An audience will — for most part — extract something from your communication by looking to detect patterns. And they will detect patterns even where there are none, which is why someone might remember some random statistics you shared or some tangential remark.
When you activate the same message multiple times, repetition signals the brain that something is important and you are in charge of that signal. In addition, consistent repetition helps you with credibility, because that which is perceived as consistent is also equated with validity, which is persuasive.
Keep in mind that people make decisions based on what they remember, and if you’re only mentioning something twice, they will likely forget it. A persuasive message is a consistently persistent message.
3) Reconsider cliché metaphors.
At least once a month, I see some form of communication that uses a space travel or a mountaineering metaphor or, worse, both in the same segment. Typically, people use these metaphors to simplify a complex concept and inform us about upcoming technology or processes approach old business in new, creative ways.
While these metaphors help to make a point very quickly, they don’t always lead to memorable and persuasive content. Here’s why.
Lots of other people are using the same metaphor (Google “space shuttle metaphor” and you will see over 100,000 entries). As noted earlier, forgetting is often caused by interference, meaning that when too many messages are alike, we won’t know who said what.
A fresh metaphor requires extra cognitive capacity for your audience to understand it, but not so much that it’s too difficult. Whenever we share metaphors, the brain expends some energy to comprehend them — and cognitive energy is often in limited supply. When there is too little energy or too much energy left, persuasion is diminished, either because the task is too hard and we don’t want to bother or because it’s too easy (like showing a picture of the moon landing) and the brain can go on to think of something else or worse, come up with counter-arguments.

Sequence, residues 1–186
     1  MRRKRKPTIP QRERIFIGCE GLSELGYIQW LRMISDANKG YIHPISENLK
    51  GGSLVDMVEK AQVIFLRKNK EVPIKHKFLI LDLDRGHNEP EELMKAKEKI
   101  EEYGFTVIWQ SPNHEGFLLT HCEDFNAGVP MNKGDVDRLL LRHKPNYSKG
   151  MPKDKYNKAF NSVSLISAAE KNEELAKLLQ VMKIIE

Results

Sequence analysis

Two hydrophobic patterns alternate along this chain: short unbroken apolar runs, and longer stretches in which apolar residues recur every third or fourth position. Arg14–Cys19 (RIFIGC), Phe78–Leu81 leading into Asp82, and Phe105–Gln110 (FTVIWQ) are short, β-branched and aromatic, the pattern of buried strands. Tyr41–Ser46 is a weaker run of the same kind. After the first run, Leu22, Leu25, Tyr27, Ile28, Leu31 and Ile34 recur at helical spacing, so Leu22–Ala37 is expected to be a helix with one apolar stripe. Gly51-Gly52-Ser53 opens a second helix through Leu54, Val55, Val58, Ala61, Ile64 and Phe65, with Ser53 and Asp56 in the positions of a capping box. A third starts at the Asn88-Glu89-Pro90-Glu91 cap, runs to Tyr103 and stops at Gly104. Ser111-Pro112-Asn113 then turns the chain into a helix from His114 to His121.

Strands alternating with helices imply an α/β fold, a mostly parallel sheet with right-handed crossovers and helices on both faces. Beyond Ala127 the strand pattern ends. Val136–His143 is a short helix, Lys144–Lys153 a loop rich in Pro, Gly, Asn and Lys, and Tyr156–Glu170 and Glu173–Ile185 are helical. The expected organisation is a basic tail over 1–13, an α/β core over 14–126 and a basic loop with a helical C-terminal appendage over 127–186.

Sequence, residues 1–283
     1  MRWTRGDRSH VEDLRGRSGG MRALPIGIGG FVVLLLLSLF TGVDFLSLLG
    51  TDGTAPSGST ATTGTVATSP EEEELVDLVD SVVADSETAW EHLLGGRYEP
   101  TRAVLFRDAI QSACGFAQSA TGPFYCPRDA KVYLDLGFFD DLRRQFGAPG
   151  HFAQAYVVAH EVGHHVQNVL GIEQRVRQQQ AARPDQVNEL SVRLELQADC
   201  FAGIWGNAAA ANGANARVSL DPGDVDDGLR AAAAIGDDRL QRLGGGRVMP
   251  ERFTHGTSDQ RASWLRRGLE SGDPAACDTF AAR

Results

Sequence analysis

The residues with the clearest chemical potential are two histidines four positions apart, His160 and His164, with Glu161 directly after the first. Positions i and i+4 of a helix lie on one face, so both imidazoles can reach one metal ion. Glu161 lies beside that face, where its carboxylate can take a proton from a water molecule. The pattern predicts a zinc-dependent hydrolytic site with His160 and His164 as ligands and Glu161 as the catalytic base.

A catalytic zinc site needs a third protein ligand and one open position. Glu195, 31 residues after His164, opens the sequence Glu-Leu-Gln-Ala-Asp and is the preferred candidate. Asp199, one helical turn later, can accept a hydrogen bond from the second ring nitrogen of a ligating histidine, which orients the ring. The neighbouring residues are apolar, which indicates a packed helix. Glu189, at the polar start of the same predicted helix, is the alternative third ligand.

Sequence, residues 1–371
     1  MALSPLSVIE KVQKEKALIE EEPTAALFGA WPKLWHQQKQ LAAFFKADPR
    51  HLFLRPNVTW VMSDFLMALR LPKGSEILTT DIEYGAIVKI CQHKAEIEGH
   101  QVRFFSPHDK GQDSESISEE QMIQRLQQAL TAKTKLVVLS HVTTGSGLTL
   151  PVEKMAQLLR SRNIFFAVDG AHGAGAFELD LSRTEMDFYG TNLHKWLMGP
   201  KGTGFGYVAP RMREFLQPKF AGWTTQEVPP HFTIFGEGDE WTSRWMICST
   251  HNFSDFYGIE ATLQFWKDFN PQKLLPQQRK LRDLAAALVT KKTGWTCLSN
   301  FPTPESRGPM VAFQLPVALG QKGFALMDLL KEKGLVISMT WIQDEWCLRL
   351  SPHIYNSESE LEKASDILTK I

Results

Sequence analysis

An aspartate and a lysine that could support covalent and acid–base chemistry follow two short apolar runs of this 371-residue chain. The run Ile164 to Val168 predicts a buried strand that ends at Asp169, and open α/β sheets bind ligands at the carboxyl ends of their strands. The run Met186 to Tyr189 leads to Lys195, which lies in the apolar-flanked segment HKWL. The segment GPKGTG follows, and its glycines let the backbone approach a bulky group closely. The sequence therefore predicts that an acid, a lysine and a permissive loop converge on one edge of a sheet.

A fresh metaphor also invites engagement because your audience’s brain will try to fit the new concepts together and make sense of them. This type of engagement creates memory traces. In addition, a more common object has the potential to lead to additional semantic connections and environmental triggers, which also helps with recall. You’re more likely to be persuaded by something you continue to see in your environment than by something you hardly ever see, like a space shuttle.
4) Stop saying, “If you remember nothing else … ”
This is a weak statement that needs rephrasing. It implies that the rest of the communication you shared is useless, and only the part you’re about to emphasize is important.
To be memorable and persuasive, replace “If you remember nothing else” with “All the content shared so far is meant to emphasize that [insert most important message here], which will serve you well.”
With this approach, you remind people of what’s essential and how everything else you say is not extraneous but rather contributes to the strength of your main message. Audiences will be better persuaded when you share content that is rewarding, consistent, relatable, and useful.